Vladimir Putin’s first major press conference indicates that he becomes more informal and sharp with journalists. Source: ITAR-TASS
Vladimir Putin’s first major press conference since returning to the president's desk turned out to be emotional and informal. The audience was tricky and in some ways hostile, but the president stood up to the blows. Experts noted that everyone came away pleased with each other, while Putin managed to send a message to the West that he does not have a chip on his shoulder.
Experts agree that the conversation turned out to be informal and sharp, with Putin demonstrating that, contrary to speculation, he is in good political shape.
The president took 60 questions, and within the first hour alone he had explained four times why Russia has responded to the “Magnitsky Act” by, among other things, forbidding Americans to adopt Russian children. For the first time, journalists dared to challenge the president – they did so by describing the Russian law as “cannibalistic.”
Gleb Fetisov, correspondent member of the Russian Academy of Sciences, pointed out that, this time around, the audience confronting the head of state was querulous and hostile, incensed as it was by the hasty ban on the adoption of Russian children by American families.
“However, midway through the conference, the aggressive mood subsided and the conversation proceeded in a businesslike manner,” experts said.
“Vladimir Putin and the journalistic community both came away pleased with each other. Journalists felt that they had given the president a hard time, while Putin felt he had engaged well with the media people,” said Aleksei Mukhin, head of the Political Information Center.
The experts’ opinions are borne out by journalists who managed to ask the president a question.
“This is the first time in my memory I had the impression that the questions were entirely spontaneous,” said Ekho Moskvy radio station’s anchor Inessa Zemler, who asked Putin about the “Dima Yakovlev law” in the first hour. “I deliberately put on a yellow jacket to catch his eye, but there were no guarantees that I would be allowed to ask my question.”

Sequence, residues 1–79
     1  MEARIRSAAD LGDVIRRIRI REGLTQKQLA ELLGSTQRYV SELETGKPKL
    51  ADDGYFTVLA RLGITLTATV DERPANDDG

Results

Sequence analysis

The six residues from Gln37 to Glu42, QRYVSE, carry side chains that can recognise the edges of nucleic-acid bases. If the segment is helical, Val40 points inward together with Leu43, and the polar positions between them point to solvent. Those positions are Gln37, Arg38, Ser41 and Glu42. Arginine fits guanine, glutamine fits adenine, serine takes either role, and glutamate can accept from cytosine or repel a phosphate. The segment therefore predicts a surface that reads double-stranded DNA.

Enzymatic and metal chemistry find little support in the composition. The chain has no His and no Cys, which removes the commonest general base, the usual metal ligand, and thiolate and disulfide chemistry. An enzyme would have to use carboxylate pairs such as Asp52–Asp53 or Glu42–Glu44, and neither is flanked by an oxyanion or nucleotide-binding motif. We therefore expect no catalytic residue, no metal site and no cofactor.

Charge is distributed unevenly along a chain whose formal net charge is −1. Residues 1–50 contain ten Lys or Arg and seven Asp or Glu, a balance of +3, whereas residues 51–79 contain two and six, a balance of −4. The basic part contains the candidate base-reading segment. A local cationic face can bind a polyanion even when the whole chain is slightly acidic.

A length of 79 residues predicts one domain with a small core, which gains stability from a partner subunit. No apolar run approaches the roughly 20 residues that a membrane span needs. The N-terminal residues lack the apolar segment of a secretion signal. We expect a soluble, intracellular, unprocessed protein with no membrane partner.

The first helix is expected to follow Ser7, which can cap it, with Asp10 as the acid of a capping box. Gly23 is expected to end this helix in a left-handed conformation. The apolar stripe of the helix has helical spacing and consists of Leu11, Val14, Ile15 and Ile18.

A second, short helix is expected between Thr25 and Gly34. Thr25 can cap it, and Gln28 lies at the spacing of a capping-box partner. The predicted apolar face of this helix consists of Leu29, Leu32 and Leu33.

Most questions from foreign journalists (there were 200 of them, just as in 2008) came in the second half of the press conference. Aleksei Mukhin noted that Putin was more sympathetic toward the Asian media than their European and the American counterparts.
Gleb Fetisov also noted the preference for Asian journalists. For the first time, Putin voiced a commitment to strengthen investment cooperation with China and identified the main areas of economic cooperation between the two countries: high tech industries, nuclear power and aircraft manufacture.
Vladimir Putin’s emphasis on relations with Asian countries was not accidental, according to Aleksei Chesnakov, head of research at the Current Political Studies Center.
“There is a sense in the world that the center of economic development is shifting toward Asia. Russia cannot afford to miss its chance and should take this into account. In Europe, there is a discrepancy between its political influence and waning economic influence, and this discrepancy is likely to widen,” said Chesnakov.
As for the message to the West, analysts believe the president has demonstrated that Russia does not wish to be enemies with anyone, while upholding its national interests. Chesnakov believes Putin has promised that business will be treated with respect and political institutions will become more democratic, which is very important for investors.
Aleksei Mukhin also stressed that Putin has reiterated his adherence to former values and partners. However, the president made it clear that, although he bears a grudge against American lawmakers, Russian deputies have given a tough but adequate response to international challenges by passing the “Dima Yakovlev law.”
“The press conference has shown that the president is in good health, full of energy and plans for long-term development of Russia as a world power center along with China, the U.S. and Europe,” said Vyacheslav Smirnov, director of the Political Sociology Institute.
“The State Duma is threatening the Americans with law, but Putin said it is just a routine move in the relations with the U.S. – not a nuclear bomb, just a yellow card. He made it clear that he may or may not sign the law; because, unlike Barack Obama, Putin is not threatening, but merely taking the necessary self-defense measures. Anyway, the president’s answers sought to create that impression,” said Smirnov.
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